You Are What You Eat: Why ‘Clean Label’ is Here to Stay

Remember those days when store-bought baked goods meant Hostess Twinkies or Little Debbie Oatmeal Cream Pies? These treats were tasty and indulgent and probably filled with enough preservatives to survive a nuclear holocaust. Suffice it to say, the clear delineation between homemade fresh and pre-packaged store-bought was kind of like real fruit versus the plastic ones on the coffee table.

Although Hostess and Little Debbie have improved their ingredients somewhat, a completely different breed of baked goods have begun to take over store shelves – the ‘clean label’ kind. And even though that designation lacks a comprehensive definition in the food industry, most consumers view clean label products as those with only natural colors, flavors, and sweeteners.

A study conducted by the International Food Information Council in 2021 found that 64 percent of consumers try to select food with natural or clean ingredients. Nearly a quarter of those cited health benefits as the key reason for choosing clean label products.

In terms of baked goods, including cinnamon rolls, yeast breads, and heat and serve rolls, all it takes is one jaunt down the bakery aisle to see how popular intrinsically healthy ingredients have become. And the 2021 FONA International Trend Insight Report on sugar found that 51 percent of U.S. consumers cut back or eliminated traditional baked goods to limit sugar consumption. Given this information, is the clean label trend a death knell for those astonishingly sweet sticky buns or that scrumptious everything bagel?

Quite the contrary. As Millennials strive for increasingly healthier lifestyles and more sustainable food choices, bakers are rising to the challenge to create new and improved breads, doughs, and pastries filled with non-synthetic and minimally-processed ingredients.

What Does a Clean Label Look Like?

For starters, clean label products are just as much about what you put in as what you keep out. Once you remove all dyes, additives, processed sugars, and so on, you might wonder what’s left to make your product taste delicious, deliver on nutrition, and look great. The short answer – you have lots of options.

Instead of red, yellow, and green dyes, you can get those same rich colors from natural sources like beets, safflower, and chlorophyll. Swap out refined sugar with natural sweeteners such as honey, maple syrup, coconut sugar, and molasses. And to keep things fresh, cultured sugar, cultured wheat flour, or cultured wheat starch act as great natural mold inhibitors.

What’s Not in a Clean Label?

Chances are, if you can’t pronounce it, it’s not considered ‘clean.’ The additives we’re talking about include mold inhibitors and preservatives like butylated hydroxyanisole (BHA), butylated hydroxytoluene (BHT), potassium sorbate, sodium benzoate, and calcium propionate.

Equally offensive to clean label connoisseurs are refined sugars, artificial colors and flavorings, high levels of sodium, highly-processed whole foods, and partially hydrogenated oils (which, incidentally, were banned by the Federal Drug Administration in 2018).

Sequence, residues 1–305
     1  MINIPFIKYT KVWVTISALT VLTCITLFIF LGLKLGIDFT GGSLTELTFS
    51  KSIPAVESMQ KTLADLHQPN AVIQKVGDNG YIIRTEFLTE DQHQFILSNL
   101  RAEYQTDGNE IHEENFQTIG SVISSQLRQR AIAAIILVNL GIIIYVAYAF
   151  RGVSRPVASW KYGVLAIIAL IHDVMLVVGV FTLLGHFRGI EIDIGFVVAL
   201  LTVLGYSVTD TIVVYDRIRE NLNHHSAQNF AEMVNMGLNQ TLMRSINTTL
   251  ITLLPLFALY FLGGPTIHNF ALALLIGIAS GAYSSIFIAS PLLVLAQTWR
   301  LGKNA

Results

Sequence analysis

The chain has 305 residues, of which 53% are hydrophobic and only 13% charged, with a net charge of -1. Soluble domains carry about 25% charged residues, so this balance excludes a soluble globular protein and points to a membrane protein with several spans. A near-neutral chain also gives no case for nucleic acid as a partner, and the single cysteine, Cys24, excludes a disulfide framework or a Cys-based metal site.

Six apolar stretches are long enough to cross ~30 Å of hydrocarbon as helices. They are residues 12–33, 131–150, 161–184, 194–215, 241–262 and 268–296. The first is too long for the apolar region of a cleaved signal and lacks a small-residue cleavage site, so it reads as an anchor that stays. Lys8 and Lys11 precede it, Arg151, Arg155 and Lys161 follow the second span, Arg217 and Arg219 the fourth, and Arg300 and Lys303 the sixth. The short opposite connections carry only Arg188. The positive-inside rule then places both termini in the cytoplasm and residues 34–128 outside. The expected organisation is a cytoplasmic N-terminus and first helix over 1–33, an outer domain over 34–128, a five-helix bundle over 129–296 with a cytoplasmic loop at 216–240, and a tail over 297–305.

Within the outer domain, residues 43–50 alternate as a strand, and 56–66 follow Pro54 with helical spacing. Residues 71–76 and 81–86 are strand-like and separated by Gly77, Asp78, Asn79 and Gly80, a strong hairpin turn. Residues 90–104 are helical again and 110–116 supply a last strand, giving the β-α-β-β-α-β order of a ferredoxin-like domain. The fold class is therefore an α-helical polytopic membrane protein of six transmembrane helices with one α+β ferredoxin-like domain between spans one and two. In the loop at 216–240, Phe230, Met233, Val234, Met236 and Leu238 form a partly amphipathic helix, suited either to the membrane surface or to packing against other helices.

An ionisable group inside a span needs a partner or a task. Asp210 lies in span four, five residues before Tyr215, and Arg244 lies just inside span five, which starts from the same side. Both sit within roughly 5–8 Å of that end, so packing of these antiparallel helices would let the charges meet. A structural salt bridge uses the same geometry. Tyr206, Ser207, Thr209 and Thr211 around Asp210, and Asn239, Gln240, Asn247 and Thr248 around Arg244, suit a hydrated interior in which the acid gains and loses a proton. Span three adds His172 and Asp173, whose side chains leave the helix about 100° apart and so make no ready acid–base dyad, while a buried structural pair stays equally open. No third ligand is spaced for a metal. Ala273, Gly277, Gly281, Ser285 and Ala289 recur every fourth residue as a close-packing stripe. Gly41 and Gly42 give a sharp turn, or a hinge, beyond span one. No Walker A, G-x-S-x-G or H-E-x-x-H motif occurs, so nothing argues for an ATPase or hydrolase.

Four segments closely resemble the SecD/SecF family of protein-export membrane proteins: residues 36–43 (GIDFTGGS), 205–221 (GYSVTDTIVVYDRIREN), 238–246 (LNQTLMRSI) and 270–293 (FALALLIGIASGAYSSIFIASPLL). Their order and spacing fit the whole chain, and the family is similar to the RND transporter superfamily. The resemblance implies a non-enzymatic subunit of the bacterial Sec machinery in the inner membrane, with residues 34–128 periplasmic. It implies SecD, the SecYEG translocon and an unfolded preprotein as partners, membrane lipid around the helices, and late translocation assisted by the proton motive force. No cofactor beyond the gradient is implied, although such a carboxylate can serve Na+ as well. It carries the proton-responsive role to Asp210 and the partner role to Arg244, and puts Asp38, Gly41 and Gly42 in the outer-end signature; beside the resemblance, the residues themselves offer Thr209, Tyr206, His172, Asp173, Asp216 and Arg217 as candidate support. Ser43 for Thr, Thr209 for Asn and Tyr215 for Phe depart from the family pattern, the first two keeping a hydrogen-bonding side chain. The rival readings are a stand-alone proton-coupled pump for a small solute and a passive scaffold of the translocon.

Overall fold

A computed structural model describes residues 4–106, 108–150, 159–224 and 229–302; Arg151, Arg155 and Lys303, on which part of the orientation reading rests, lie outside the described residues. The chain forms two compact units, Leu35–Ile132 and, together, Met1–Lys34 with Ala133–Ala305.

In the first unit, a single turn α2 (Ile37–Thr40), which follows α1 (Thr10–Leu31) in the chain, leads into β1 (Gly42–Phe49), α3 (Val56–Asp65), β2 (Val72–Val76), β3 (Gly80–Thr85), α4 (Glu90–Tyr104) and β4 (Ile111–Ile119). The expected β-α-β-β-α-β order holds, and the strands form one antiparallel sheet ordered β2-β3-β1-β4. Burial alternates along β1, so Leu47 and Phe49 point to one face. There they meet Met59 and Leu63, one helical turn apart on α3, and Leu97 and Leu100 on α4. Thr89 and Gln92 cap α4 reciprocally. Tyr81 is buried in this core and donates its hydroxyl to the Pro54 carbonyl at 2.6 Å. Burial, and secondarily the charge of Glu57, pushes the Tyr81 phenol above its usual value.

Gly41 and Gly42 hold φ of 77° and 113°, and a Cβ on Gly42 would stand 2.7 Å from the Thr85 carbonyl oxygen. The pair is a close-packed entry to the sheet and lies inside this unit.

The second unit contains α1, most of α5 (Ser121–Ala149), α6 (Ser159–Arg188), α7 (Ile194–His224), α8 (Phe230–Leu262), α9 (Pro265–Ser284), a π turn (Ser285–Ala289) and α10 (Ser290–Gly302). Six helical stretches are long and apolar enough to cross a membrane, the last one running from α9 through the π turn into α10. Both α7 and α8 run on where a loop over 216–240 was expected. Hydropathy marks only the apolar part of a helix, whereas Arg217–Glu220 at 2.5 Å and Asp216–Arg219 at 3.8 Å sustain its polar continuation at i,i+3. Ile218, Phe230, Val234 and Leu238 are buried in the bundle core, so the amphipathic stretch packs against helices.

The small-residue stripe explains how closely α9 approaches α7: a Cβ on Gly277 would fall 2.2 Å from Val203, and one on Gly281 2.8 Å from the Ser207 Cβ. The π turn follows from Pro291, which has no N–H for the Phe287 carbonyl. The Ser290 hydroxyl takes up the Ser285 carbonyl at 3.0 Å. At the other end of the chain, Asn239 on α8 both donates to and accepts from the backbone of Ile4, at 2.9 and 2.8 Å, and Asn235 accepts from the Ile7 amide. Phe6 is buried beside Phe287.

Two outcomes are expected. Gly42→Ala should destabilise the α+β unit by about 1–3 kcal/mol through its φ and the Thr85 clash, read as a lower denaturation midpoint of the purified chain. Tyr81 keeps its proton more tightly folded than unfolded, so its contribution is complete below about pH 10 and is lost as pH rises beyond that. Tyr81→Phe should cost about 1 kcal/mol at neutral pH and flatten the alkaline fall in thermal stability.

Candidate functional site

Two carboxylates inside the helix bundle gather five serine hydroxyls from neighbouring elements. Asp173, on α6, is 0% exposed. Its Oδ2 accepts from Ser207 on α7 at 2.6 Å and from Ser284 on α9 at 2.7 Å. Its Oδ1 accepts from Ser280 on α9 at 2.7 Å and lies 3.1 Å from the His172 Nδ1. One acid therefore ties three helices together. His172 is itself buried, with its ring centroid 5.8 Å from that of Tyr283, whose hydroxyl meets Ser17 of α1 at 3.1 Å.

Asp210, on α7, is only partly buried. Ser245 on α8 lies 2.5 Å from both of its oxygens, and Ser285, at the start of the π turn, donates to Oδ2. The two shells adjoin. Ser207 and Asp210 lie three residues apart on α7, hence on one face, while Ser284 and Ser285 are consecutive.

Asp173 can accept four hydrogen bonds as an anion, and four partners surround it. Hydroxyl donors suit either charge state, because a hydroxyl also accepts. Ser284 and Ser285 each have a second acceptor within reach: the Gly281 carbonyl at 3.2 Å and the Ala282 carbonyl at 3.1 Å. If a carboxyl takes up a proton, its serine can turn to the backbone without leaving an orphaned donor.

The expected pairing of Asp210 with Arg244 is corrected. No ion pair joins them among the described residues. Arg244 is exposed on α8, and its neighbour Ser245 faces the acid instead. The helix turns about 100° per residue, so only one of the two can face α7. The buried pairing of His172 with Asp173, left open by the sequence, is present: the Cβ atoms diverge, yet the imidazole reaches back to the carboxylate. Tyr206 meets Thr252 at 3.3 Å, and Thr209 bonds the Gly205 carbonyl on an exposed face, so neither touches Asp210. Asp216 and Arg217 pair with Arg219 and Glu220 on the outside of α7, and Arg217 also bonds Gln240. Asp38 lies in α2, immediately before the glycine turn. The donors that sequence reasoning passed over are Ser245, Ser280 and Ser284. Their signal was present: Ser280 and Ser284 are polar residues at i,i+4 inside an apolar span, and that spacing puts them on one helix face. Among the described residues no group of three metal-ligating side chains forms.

Sustainability also represents an essential aspect of a clean label product. Conscious consumers want to avoid ingredients that are genetically modified, non-organic, or harvested using unethical or inhumane business practices.

A Word or Two About Local Sourcing

Have you ever baked bread with wheat kernels you ground yourself? Or made applesauce with fresh apples you just picked off the tree and then used to sweeten your favorite homemade cake? There’s something truly delicious about creating fresh and nutrient-rich baked goods in your home with farm-to-table ingredients.

The same principle applies to the large, artisanal bakeries that supply fresh or frozen bread to your local foodservice outlets. One of the highlights of clean label products is that most, if not all, of their ingredients are organic. And nothing says organic better than locally sourced.

Big agriculture operations typically pick fruits and vegetables before they ripen, which strips away many of their essential nutrients. They also often use pesticides and other harmful chemicals and feed their animals products with added hormones to satisfy mass production needs. As a result, the consumer ends up with a lower nutritional value in their ingredients, and the environment suffers soil degradation and waterway pollution.

However, using farm-to-table ingredients yields tremendous benefits for the environment, the consumer, and the community. Consumers get products made with nutrient-rich whole food ingredients while at the same time supporting local farmers. Small farming operations, in turn, help the community by providing jobs, natural ingredients, and environmentally-friendly land-use practices.

Public Health Concerns

Our nation’s obesity crisis and the Covid-19 pandemic spurred growth in consumer demand for clean label ingredients as never before. Doctors have told us for years that the best way to protect our bodies from illness and disease is to maintain a healthy diet and limit our intake of processed foods as much as possible. Unfortunately, it took seeing the results of poor eating habits and increased vulnerability to disease to drive that point home.

At some point, the Federal Drug Administration probably will define ‘clean label’ and create specific guidelines as to what exactly that means in terms of food quality standards. Until then, intelligent manufacturers will listen to their consumers and continue to innovate with healthier, more sustainable ingredients.

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